Liberal Paradox

A large open jar of honey sits on the hot sidewalk covered by flies and other sucking insects. Swatting at the annoying parasites, my more liberal friends seek to fix the problem by adding more honey. This is an example of why labels and the ‘religion’ of politics is so dangerous.

Democrats want a bigger bed

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Opposed to politicians who equivocate about air quality & BioMassacre
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1 Response to Liberal Paradox

  1. admin says:

    The U.S. Constitution mandates a separation of Church and State. Our courts have consistently upheld that mandate. Most thoughtful voters recognize the unmitigated flagrant use of corporate money has a corrosive and corrupting influence (money being the milk of politics) on government.

    Churches are exempt from taxation–including property taxes. However, by law they are prohibited from blatantly using their pulpit for political purposes. Doing so exposes them to the risk of the IRS revoking their tax exempt status.

    Some conservative thinkers agree that corporate welfare and influence undermine a democratically elected government. Corporate money corrupts the democratic process. But they argue if corporations are to be prohibited from unlimited campaign contributions, unions should be similarly restrained. At first glance, this sounds like a rational comparison. However, corporations are machines composed of money…stockholders may exist within, to be sure, but they may be many, or few, or as little as a single one. Unions, on the other hand, are composed of people and unlike corporations, one member’s (in theory) vote counts for no more than any other’s. A corporation’s shareholders cast votes proportionate (even this premise is no longer valid under the modern schemes of corporate bylaws designed to inhibit shareholder rebellion/unrest) to how many shares they control: the epitome of an antidemocratic process. We’re talking apples & oranges when facilely comparing corporations to unions.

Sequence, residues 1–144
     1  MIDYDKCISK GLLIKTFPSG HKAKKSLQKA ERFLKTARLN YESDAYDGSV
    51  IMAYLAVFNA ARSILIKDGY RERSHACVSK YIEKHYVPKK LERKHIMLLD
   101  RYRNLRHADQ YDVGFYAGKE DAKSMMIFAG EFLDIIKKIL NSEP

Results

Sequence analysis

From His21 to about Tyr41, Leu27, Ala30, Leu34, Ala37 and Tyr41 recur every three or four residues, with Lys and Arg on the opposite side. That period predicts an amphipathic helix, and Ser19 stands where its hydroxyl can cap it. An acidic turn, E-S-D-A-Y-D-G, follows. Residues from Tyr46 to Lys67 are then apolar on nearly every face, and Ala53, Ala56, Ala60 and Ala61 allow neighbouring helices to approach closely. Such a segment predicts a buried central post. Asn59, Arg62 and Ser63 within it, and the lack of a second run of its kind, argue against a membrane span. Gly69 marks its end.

So what’s to be done about the corrupting influence of corporate money? One possible solution I don’t recall being considered is a ‘separation’ of corporation and state, much like the separation of church and state. Religious displays are prohibited in civic forums. State/civic owned sports stadiums should no more allow ‘Safeco Field’ (etc.) than they should ‘4-Square Gospel Stadium’. In other words, a Constitutional Amendment or federal law should be enacted prohibiting corporate ties to state/federal government. Doing so would eliminate systemic pathology such as the ‘military-industrial complex’ President Eisenhower warned of. It would eliminate such social outrages as the ‘prison-industrial complex’ where corporations build and manage prisons for profit at state/taxpayer expense. The corrosive effect of tying profit by incarcerations to the state’s judicial/justice system should be intuitively obvious. The more citizens who are caged, the greater the profit potential for said corporate interests. Hence, lobbyists representing those interests will argue for ‘tough on crime’ bills to the point of a police state.

    Our laws and system of government must be renewed if it is to survive. A separation of corporation and state must be part of its core principles. Though held to be legal ‘persons’ (for some purposes) by the courts, just as churches are not citizens (or even unions), corporations are NOT citizens. The ‘WE’ in the Declaration of Independence and our U.S. Constitution does not refer to corporations. Anything less will accelerate the public’s lack of confidence in the very institutions we created to serve us!

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